EICR in the Home

EICR: What happens next?

Our team explain the process after an EICR inspection is completed at your property

Whether you have an Electrical Installation Condition Report (EICR) completed in your home, at your privately rented accommodation or at your business, you’ll be provided with a breakdown that details the safety grading of all the fixed electrics across the property.

The EICR will clearly show the areas which are safe aka ‘satisfactory’, as well as the repairs that are recommended or mandatory aka ‘unsatisfactory’. The work to be carried out to bring any installations back into a safe condition is known as the remedial work.

What happens if an EICR is unsatisfactory?

If the EICR details any mandatory remedial work, then you’ll need to get the issues in the report investigated further and repaired as soon as possible. Mandatory work will be coded as either C1 or C2 on your EICR.

  • C1 indicates that danger is present and immediate action is required
  • C2 indicates that there is the potential for danger and advises urgent attention
  • C3 means the repairs are recommended but not mandatory

When the work is completed, the engineer will provide written confirmation that they have carried out the work.

My remedial work has been completed; do I need to have another EICR carried out at my property?

No, the written confirmation provided by your engineer shows that you have taken action to turn the ‘unsatisfactory’ result of your EICR into a ‘satisfactory’ one. This means you don’t need a retest, and a new satisfactory report will not be issued.

EICR remedial regulations for Landlords

If you’re a landlord, you must carry out any repairs identified within 28 days of the inspection. If your engineer identifies a critical issue, they may insist that it is fixed sooner than 28 days. If this is the case, the problem will be highlighted in the report.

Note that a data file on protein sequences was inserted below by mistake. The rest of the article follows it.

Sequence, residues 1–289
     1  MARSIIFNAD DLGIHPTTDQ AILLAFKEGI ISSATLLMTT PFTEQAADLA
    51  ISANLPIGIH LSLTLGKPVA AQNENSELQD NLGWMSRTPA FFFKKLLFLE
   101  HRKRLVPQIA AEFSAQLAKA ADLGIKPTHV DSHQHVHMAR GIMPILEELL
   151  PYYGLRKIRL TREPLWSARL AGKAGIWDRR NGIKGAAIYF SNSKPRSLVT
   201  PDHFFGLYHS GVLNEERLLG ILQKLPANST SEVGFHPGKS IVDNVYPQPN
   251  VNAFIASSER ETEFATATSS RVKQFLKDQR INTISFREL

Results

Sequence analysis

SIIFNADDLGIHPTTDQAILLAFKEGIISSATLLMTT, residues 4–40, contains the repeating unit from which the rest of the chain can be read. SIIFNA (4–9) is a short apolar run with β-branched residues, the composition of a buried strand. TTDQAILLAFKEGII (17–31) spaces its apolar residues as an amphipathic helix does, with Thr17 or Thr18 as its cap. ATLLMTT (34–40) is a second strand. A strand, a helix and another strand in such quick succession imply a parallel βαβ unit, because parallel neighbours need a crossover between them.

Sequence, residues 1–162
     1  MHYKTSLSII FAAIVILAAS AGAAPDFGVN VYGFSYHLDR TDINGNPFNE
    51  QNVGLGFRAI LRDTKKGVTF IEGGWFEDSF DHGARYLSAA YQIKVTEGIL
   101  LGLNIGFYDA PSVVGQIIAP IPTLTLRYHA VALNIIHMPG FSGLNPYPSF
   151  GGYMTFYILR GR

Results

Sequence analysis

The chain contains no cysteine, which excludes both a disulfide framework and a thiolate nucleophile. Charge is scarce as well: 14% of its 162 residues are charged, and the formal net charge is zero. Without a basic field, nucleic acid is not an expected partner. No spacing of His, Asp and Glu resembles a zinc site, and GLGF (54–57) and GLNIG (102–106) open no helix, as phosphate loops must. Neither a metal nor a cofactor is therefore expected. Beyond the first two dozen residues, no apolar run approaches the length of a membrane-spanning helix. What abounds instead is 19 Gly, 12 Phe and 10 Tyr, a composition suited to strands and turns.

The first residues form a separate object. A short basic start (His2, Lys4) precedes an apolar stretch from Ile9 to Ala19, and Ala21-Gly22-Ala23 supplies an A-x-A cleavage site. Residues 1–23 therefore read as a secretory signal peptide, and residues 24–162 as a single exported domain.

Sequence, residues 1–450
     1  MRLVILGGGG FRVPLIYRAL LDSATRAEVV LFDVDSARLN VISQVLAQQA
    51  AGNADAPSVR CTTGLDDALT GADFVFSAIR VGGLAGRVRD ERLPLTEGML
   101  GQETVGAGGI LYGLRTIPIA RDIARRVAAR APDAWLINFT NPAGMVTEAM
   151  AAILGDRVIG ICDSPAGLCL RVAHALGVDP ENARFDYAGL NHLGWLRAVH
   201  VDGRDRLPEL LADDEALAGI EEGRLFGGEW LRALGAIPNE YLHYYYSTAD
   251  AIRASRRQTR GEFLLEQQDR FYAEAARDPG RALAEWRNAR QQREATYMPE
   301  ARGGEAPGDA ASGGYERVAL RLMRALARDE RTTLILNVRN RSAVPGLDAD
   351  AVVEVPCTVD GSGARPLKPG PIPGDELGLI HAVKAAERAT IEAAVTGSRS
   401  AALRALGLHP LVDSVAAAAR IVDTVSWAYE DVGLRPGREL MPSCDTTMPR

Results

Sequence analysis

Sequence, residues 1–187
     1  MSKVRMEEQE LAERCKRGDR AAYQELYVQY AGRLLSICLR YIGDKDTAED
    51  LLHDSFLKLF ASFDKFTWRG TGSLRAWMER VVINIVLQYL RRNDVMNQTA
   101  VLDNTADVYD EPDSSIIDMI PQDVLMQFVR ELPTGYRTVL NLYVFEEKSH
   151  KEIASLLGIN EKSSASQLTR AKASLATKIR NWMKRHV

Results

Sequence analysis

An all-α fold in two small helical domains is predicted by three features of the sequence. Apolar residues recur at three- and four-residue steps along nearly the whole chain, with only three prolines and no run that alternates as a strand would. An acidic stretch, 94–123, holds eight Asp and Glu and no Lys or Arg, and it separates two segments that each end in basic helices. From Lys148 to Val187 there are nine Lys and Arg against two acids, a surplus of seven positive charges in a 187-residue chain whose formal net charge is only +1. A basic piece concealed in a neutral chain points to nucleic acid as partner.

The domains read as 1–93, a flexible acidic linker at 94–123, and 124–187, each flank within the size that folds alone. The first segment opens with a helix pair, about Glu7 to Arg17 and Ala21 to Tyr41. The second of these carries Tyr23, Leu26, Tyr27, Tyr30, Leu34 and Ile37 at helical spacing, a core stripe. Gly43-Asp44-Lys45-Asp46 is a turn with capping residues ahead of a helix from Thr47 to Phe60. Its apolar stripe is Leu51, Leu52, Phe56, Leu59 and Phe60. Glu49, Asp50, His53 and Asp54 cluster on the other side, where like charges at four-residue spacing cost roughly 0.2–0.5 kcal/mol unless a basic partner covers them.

Landlords must also give the written confirmation of the completed works to the tenants living in the property, as well as the local authority, within 28 days of the remedial work being carried out.

Can I move a tenant in with an unsatisfactory EICR?

No, if your property is vacant, you must repair any faults identified before you move tenants in. This is because the faults identified with an unsatisfactory electrical certificate may endanger the tenants if not fixed.

From April 2021 it became a legal requirement for residential landlords to provide an up to date EICR to their existing and new tenants. Find out more about EICRs for private rental properties in our update here.

Book an EICR with our team today!

If you’re looking for an electrical engineer to carry out an EICR at your property, whether it’s your home or business, chat to our team today on 01280 830135 or drop us an email at office@tselectrical.info to get booked in.